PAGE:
You probably think social networks rule the internet now… well, the latest Technorati research shows that “consumers are turning to blogs when looking to make a purchase”…
which proves my point that social sites are mainly for hanging out, and killing time. People like bloggers’ opinions, especially if they are proven to know what they talk about. If you haven’t started a blog yet, or you have one that you haven’t loaded forever, now it is time to put some effort into blogging and impacting your potential customers.
Here are some interesting findings from the Technorati Report:
1 Blogs Influence Consumers’ Purchasing Decisions
The report found that blogs are now the third most influential digital resource (31%) when making overall purchases, behind retail sites (56%) and brand sites (34%).
Why do you think this is?
In my opinion consumers turn to blogs when searching for a viewpoint, mainly because bloggers are honest and very precise when it comes to writing reviews and expressing opinions about products. They tend to list both – the negative and the positive features of a product/service which is what would help a buyer the most.
2: Consumers Say Smaller Communities Are More Influential
Over half of consumers surveyed agreed that smaller communities have greater influence on a topic than larger ones.
The real value of online communities comes from discussing ideas, sharing information and learning from one another. Rarely does value come from the size of a community.
People realize small communities are more influential, yet big brads confuse influence with popularity. There are too many popular people out there, who are only popular, while others are not that well-known, but are trusted by people in their communities.
Meaning most times it is a lot better to hire a blogger with a small, but loyal reader base, than a popular blogger who is just popular, yet not that trusted. It is a well-known fact that trust drives action, and popularity doesn’t necessarily translate into trust.
The key to becoming more influential is offering value to readers, plus being real and straight to the point.
3: Brands Rely More on Facebook to Influence Customers
Even though brands are devoting only 10% of their total digital marketing budgets to social media, Facebook is clearly the preferred platform, taking 57% of the slice.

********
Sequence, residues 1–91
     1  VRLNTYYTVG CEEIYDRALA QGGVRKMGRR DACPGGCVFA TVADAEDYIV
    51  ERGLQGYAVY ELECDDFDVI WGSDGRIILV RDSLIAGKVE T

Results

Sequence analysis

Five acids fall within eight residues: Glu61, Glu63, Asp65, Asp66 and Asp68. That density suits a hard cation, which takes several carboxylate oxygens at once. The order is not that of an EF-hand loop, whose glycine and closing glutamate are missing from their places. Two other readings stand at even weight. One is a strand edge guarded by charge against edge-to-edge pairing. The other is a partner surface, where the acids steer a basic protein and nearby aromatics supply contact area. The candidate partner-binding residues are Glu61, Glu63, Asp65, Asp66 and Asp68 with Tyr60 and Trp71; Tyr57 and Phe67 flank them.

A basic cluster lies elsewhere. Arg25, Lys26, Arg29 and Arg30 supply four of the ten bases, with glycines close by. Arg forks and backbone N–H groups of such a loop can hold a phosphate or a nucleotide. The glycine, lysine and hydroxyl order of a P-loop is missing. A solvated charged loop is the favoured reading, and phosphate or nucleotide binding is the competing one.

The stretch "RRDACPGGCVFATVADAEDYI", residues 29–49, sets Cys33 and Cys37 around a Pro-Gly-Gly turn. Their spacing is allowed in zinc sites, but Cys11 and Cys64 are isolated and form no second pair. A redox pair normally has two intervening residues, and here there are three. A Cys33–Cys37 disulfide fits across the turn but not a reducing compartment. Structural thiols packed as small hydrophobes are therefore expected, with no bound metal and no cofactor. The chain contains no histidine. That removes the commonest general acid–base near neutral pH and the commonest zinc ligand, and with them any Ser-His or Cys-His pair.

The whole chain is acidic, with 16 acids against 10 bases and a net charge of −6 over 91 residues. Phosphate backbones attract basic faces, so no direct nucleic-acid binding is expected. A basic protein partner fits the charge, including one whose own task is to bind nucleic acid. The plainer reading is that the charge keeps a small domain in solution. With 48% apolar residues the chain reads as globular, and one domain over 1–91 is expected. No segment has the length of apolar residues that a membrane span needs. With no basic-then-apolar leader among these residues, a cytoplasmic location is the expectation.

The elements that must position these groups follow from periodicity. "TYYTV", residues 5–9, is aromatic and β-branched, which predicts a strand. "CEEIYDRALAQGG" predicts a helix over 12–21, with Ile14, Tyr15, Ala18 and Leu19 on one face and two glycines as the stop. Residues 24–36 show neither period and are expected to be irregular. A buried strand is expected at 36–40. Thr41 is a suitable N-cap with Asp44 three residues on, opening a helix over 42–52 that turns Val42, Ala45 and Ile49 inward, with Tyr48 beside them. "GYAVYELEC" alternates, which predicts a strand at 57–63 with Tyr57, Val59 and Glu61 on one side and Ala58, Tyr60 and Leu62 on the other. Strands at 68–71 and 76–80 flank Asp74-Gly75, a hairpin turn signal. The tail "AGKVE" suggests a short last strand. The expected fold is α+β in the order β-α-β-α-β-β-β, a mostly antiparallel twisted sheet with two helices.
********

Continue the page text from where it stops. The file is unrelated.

Facebook is where the world hangs out and brand marketers know how important it is to be successful on this platform. In fact, the report shows that when metrics from earned media goals for brands were ranked, Facebook likes were at the top.
This means brands are not only using Facebook for ads, but for page development as well. The key to getting your share of all that Facebook traffic is to post interesting content that attracts commenting, liking sharing and tha like. Although it is not very easy to do, it is worth it and will bring in massive results.
4: Top Social Media Influencers Blog for Themselves
According to the survey, 86% of influencers blog. Of these, 88% blog for themselves. Moreover, a majority of influencers (59%) don’t produce much content outside of blogs.
This is something I have always been referring to, when we talk about blogs and how to develop them. This statistic is clear proof that to be able to develop an influential blog and get people to trust and like you, all your energy have to be pointed that way, meaning you have to produce extremely compelling content to publish on your blog, rather than waste time on Squidoo lenses, or such free platforms that will only distract you.
5: Brands and Influencers Measure Success Differently
When it comes to gauging the success of their campaigns, brands and influencers think differently. Brands see success as increased activity on Facebook, Twitter and their websites, while influencers rank blog or website page views as the best measure of success.
6: Brands and Influencers Have a Different Understanding of Influence
Brands are always looking for the “right people” to connect with on social media. They believe that effective influencer outreach can help spark valuable word-of-mouth campaigns that increase brand visibility and ultimately drive consumer action.
The problem is how brands define influence. The Technorati report says that brands are using comScore or Nielsen rankings to identify influencers, yet these metrics do not represent influencers very well. Meanwhile “real” influencers (those people whom consumers trust and rely upon for advice) are hanging out mostly on their own blogs creating tons of content.
If you’re a brand marketer trying to connect with influencers, remember that having a large social media following doesn’t give you influence, it simply gives you an audience. Try looking for influencers who have very close ties to their communities, or bloggers who are relevant to your brand even if they don’t have worldwide fame.
This article originally appeared at http://www.socialmediaexaminer.com/
To sum up:
Blogs are the ultimate selling platforms… not only that, but they tend to be the best way to expand a brand, even better than social media sometimes. This is why blogging is essential, not only it is free and will get you traffic forever, but it will also built you authority and make a trusted source where people would go to make a decision to buy.
This whole process takes time though, it will never happen over night, which is why the most popular bloggers have been online forever. Yet again – Blogs outperform social sites for customer impact.